## Transcript

Now that we know that the vector spaces in this course have a finite number of vectors in their basis, we can proceed to extend any linearly independent subset to a basis, and the way we do so is easy. Just pick a vector not already in the span and add it.

Theorem b: If the set T of vectors {v1 through vk} is a linearly independent set, and if w is not in the span of T, then {v1 through vk, w} is also a linearly independent set.

Here’s how we prove my theorem. Suppose that T is the set of vectors {v1 through vk} and is linearly independent, and that w is not in the span of T. To see that our bigger set {v1 through vk, w} is linearly independent, we will look for solutions to this equation. Suppose by way of contradiction that t-sub-(k+1) does not equal 0. Well, then we can divide by t-sub-(k+1) and get that (t1/t(k+1))v1 through to (tk/t(k+1))vk + w = 0. Well, that means that we can write w = –(t1/t(k+1))v1 – through to – (tk/t(k+1))vk. But this means that we can write w as a linear combination of the vectors in T. As this contradicts our choice of w as not being in the span of T, from this contradiction, we know that we must get that t(k+1) = 0, and this turns our linear independence equation into t1v1 + all the way through tkvk + 0w = 0, which, of course, is the same as the equation t1v1 + all the way through tkvk = 0. Now since T is linearly independent, we know that the only solution to this equation is t1 through tk = 0. As such, we’ve shown that the only solution to our larger equation t1v1 + all the way through tkvk through t(k+1)w = 0 is that t1 through tk through t(k+1) = 0, and so this means that our set {v1 through vk, with w} is linearly independent.

Now, the fact that our vector spaces have a finite basis does more than guarantee that our expansion process will come to an end. It actually tells us when our process will end because our basis will need to have exactly dim V elements in it. We see how to use this fact in the following example.

So let’s produce a basis B for the plane P in R3 with equation 2x1 + 4x2 – x3 = 0, and then we will extend the basis B to a basis C for R3. Well, we already know that the dimension of any plane in R3 is 2, so to find a basis B for P, we simply need to find two linearly independent vectors on our plane. But a set of two vectors is linearly independent whenever they are not a scalar multiple of each other. So we can quickly note that v1 = [1; 0; -2] and v2 = [2; -1; 0] are two vectors that satisfy 2x1 + 4x2 – x3 = 0 that are not scalar multiples of each other. And thus, our set B = {[1; 0; -2], [2; -1; 0]} is a basis for P.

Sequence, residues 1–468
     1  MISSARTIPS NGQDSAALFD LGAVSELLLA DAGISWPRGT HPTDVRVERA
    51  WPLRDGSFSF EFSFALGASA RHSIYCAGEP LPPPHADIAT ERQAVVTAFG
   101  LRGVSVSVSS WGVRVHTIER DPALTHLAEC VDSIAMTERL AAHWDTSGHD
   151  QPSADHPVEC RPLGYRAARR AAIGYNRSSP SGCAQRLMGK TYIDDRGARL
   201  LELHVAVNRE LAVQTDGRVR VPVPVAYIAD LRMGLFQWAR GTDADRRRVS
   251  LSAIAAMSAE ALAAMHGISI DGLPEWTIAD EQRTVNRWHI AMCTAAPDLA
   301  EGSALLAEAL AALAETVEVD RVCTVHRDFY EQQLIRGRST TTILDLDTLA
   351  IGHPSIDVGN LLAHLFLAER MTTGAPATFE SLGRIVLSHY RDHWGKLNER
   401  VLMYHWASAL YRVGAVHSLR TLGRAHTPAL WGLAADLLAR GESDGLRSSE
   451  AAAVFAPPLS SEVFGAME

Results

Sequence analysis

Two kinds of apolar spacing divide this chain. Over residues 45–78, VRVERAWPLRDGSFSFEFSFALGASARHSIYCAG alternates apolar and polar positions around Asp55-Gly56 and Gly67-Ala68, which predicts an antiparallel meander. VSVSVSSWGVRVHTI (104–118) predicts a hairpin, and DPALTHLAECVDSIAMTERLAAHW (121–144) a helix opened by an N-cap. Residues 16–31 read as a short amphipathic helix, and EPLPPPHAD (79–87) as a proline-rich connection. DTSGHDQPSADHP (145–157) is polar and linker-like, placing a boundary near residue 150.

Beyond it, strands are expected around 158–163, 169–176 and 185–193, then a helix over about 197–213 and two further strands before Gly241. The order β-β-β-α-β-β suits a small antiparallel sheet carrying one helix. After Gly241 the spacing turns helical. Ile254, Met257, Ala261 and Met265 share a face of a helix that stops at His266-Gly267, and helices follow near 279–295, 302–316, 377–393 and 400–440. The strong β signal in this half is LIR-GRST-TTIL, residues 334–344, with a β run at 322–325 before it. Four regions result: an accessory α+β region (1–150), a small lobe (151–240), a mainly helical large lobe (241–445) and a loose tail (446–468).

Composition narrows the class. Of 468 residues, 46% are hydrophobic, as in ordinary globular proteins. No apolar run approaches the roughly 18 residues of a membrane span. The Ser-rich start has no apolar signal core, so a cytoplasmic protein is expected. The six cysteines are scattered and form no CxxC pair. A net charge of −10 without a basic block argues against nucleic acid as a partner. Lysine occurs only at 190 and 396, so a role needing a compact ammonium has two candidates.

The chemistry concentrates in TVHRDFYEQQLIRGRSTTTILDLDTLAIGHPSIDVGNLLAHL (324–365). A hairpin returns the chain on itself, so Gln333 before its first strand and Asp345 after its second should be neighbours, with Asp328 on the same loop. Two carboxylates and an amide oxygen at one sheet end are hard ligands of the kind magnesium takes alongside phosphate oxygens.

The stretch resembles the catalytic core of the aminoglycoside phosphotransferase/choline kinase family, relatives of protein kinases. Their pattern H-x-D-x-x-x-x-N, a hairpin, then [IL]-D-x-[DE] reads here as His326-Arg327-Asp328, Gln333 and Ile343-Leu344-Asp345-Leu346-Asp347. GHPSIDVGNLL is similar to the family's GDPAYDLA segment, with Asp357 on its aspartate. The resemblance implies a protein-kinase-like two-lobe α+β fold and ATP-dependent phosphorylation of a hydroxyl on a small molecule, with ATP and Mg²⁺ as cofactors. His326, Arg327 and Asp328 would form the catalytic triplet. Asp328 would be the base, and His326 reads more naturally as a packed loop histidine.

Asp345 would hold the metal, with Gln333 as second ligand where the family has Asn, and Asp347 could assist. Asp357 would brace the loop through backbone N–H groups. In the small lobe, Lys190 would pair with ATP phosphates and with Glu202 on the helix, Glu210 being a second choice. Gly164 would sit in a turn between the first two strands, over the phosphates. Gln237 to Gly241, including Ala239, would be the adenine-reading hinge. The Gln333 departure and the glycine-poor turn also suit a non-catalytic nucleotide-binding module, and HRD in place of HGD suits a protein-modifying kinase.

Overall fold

Now, we know that the dimension of R3 is 3, so to extend B to a basis C of R3, we simply need to find one vector that is not in the span of B. But the span of B is precisely the vectors on the plane P, so this means we are looking for any vector not on the plane. That is, we are looking for any vector that does not satisfy the equation 2x1 + 4x2 – x3 = 0. The vector [1; 1; 1] quickly comes to mind as such a vector. And so we have that C = {[1; 0; -2], [2; -1; 0], [1; 1; 1]} is a basis for R3.

Now, during the process of shrinking spanning sets and expanding linearly independent sets, we have discovered the following. Theorem 4.3.4: Let V be an n-dimensional vector space.

- A set of more than n vectors in V must be linearly dependent.
- A set of fewer than n vectors cannot span V.
- A set of n elements of V is a spanning set for V if and only if it is linearly independent.

As a personal note, I would like to refer to part 3 as the two-out-of-three rule for proving that something is a basis. By definition, a basis must be a spanning set and linearly independent, but we also know that our basis must have the correct number of elements. So really, there are three features that our basis must have: spanning, linear independence, and n elements. Between the definition of a basis and part 3, we see that showing that any two of these three features will guarantee that our set is a basis.